When principal James Johnson walks the hallways of STAR Academy Charter School in Memphis, students frequently reach out to give him a fist bump or a high five.

Johnson revels in such impromptu connections. As the new principal, he has worked quickly to create a new kind of culture at the mostly African-American elementary school, where he and two other young black males serve as the top leaders.

PHOTO: Caroline Bauman
James Johnson visits a classroom at STAR Academy, where he became principal last fall.

“We know it makes a difference if we’re excited to greet our students,” said Johnson, 29. “We want to be here, we want them to be here, and we want them to be excited about that.”

Opened in 2004, STAR is one of Memphis’ oldest charter schools but turned to new leadership to address static enrollment and academic performance. Johnson was recruited last fall by Robert Harvey, 28, who became STAR’s chief executive officer in 2016 and hired Edward Stephens, 31, as chief strategy officer.

The trio of young black male administrators stands out in the world of elementary education. Nationwide, only 2 percent of K-12 educators are black men. It’s slightly better in Shelby County Schools, which oversees more than 40 charter schools including STAR. Male educators of color comprise almost 10 percent of the workforce in the Memphis district.

Research shows that for students like those at STAR, where 94 percent of children are of color, the presence of an educator who looks like them can make a big difference, especially for boys. A recent study showed that black boys in Tennessee and North Carolina were 39 percent less likely to drop out of high school if they had just one black teacher in the third, fourth or fifth grades.

But recruiting such educators continues to be a struggle for Tennessee districts, reflecting a nationwide challenge. Of the candidates who completed the state’s teacher programs in 2016, only 14 percent identified themselves as non-white, compared with 36 percent of Tennessee’s student population.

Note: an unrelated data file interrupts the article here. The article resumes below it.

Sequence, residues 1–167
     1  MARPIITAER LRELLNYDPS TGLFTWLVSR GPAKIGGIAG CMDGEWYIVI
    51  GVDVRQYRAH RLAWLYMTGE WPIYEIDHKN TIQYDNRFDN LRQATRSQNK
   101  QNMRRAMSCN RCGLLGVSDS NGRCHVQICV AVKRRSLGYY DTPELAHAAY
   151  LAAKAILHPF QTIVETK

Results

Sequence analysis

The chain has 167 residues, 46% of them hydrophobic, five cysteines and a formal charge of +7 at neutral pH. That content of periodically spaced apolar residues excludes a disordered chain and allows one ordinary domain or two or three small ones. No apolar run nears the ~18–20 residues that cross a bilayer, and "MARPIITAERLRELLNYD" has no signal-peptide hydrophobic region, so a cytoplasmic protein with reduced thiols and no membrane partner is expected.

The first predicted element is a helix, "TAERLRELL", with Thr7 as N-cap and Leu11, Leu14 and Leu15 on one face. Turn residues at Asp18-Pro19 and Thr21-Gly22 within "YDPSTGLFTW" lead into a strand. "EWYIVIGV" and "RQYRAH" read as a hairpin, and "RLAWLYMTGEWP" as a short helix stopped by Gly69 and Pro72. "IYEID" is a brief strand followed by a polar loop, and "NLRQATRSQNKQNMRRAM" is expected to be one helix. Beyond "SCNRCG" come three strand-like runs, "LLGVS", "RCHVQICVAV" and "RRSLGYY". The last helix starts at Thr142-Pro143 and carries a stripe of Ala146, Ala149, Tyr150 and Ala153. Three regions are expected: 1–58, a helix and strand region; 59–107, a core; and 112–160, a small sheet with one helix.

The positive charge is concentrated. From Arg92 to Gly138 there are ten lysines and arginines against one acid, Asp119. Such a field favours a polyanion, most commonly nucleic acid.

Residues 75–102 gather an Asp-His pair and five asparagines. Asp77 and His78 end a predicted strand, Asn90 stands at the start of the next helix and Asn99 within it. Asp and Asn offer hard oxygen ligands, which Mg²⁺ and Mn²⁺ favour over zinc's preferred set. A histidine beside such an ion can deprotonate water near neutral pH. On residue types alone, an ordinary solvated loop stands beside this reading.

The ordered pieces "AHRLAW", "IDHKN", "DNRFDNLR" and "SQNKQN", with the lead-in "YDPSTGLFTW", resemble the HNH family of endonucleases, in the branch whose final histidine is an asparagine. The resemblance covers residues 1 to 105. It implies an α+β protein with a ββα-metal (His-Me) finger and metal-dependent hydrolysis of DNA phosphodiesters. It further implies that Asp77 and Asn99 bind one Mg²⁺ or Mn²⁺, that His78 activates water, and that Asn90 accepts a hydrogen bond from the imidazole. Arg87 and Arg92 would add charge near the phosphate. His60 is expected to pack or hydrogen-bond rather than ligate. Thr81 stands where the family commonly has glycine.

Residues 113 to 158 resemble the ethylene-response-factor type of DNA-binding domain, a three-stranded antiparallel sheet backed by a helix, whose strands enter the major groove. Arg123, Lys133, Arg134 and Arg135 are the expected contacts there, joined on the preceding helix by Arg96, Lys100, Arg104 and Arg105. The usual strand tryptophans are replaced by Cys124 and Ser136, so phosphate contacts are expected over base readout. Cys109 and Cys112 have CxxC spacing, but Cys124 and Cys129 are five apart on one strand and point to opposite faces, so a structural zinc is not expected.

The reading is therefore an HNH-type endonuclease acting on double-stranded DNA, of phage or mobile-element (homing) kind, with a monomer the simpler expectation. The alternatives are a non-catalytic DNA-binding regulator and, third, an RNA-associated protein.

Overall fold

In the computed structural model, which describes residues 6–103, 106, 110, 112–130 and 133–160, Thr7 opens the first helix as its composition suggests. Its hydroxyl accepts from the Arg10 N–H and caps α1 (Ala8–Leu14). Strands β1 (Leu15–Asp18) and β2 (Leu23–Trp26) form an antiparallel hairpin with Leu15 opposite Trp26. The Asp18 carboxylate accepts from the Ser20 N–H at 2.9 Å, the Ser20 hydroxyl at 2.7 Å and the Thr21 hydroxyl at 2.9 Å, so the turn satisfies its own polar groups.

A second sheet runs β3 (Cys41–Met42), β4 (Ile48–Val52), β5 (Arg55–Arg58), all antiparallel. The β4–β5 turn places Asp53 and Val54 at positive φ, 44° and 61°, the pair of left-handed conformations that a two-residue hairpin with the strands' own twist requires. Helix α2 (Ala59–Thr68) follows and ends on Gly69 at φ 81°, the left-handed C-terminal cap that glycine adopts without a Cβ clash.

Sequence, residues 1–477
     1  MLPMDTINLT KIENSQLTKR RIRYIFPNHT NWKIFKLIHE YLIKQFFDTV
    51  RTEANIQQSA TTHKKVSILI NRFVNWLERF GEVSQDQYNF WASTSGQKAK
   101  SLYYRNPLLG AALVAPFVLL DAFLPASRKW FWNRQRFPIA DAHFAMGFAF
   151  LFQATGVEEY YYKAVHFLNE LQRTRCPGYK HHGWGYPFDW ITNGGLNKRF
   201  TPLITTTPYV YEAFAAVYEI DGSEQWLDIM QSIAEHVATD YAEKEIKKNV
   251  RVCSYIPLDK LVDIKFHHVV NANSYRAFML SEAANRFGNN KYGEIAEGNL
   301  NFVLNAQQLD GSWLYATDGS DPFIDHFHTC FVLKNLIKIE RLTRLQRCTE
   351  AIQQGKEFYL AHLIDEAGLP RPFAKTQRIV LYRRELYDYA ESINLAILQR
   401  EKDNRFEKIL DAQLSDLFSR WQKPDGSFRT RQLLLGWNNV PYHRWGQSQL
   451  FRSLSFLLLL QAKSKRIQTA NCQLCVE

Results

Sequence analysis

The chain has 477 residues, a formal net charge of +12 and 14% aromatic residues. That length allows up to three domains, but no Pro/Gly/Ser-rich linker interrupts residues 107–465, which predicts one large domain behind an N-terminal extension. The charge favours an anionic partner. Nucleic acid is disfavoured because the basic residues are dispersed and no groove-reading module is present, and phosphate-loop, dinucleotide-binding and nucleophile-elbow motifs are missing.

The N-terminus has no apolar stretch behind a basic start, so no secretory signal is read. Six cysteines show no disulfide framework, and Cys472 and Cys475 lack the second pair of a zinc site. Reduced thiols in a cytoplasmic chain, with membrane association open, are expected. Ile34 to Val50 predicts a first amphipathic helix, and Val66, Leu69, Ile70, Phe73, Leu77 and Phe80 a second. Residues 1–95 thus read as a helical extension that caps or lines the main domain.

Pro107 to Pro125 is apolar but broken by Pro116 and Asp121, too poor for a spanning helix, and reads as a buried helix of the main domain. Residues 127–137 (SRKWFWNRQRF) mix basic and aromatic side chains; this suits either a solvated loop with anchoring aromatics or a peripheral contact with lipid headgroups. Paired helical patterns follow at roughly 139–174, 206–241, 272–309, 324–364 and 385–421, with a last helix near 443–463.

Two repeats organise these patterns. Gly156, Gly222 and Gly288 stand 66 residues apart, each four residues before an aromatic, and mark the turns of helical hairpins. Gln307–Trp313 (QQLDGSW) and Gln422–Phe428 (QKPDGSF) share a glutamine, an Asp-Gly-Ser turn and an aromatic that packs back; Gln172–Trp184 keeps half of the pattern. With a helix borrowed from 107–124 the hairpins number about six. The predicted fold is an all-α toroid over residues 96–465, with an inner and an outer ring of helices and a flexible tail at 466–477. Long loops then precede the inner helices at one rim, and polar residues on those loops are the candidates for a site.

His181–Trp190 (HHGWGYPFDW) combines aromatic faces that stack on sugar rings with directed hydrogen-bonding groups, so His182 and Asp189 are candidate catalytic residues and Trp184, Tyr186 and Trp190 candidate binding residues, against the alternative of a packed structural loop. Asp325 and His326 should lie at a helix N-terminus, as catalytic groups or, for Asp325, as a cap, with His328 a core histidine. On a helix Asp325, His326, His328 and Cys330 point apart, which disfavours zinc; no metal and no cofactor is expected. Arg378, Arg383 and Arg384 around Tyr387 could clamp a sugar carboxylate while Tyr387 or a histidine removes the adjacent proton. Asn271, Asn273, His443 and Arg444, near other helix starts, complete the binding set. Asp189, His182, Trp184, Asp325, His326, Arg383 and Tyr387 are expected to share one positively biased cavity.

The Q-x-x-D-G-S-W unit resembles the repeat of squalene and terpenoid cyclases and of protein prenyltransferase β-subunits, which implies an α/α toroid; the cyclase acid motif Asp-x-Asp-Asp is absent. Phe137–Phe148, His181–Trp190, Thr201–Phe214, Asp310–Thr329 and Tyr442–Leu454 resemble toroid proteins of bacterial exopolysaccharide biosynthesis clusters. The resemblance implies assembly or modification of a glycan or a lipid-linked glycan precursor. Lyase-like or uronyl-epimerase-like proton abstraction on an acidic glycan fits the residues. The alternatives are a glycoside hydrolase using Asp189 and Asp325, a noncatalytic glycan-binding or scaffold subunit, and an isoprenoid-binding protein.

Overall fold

Harvey came to Memphis by way of the East Coast, where he worked as an administrator with several private boarding schools. As a graduate student at Harvard University, he studied black male students, academic achievement and poverty in Memphis — research that he now calls “serendipitous” because of his arrival at STAR Academy.

Harvey is well aware that his own academic journey offers hope to his students, and boys in particular.

PHOTO: Caroline Bauman/Chalkbeat
Students raise their hands during a lesson at STAR Academy.

“For young men in elementary school, we know a guiding factor for the prison pipeline is third-grade literacy,” Harvey said. “We’re going to offer a counter narrative through our leadership team. We’re here to shift the conversation with our students and show them that their futures are in no way pre-determined.”

That means rethinking school culture, parental engagement, and student discipline at STAR, which has an enrollment of 248. Last year, the school suspended 10 students. Harvey’s goal is to get that number to zero.

“When a student — in particular a black boy — is suspended, the chances of them graduating high school is reduced and the chances of them going to prison is increased,” Harvey said. “We have students sit with us for hours sometimes rather than sending them home. And we don’t believe in a compounding discipline model, either. Every day is a fresh start for a child.”

Toward that end, the school’s new “check system” for discipline gives each student four chances to improve behavior before experiencing a consequence. Building relationships are key, according to Johnson, himself a former elementary school teacher in Memphis.

“We’re working with our teachers on discipline training, but also in giving them support in the classroom so they can focus on instruction,” Johnson said. “We know many of our students don’t have a direct male presence at home. We’re trying to be a visible, positive influence. A handshake or hug can do a lot.”

Shelia Matthews, a longtime STAR teacher, said she’s already seeing a difference in school culture.

“Some are big changes, but some are little things, like leadership going out to greet the car line every morning during drop-off,” she said. “They’ve gained respect in a short amount of time.”

Charlie Tate, the father of a fifth-grader and active in the school’s basketball program, said he was nervous at first about the leadership change but now sees how Harvey and his team are building relationships that might have eluded other administrators.

“I can tell you because of my experience with the basketball team, a lot of children don’t have father figures in the house,” he said. “In their teachers, they’ve had positive role models and relationships with women, and that’s great. But seeing a man who looks like them in a role of principal or school leader or teacher while they’re so young, I’ve realized what a huge deal that is to these boys.”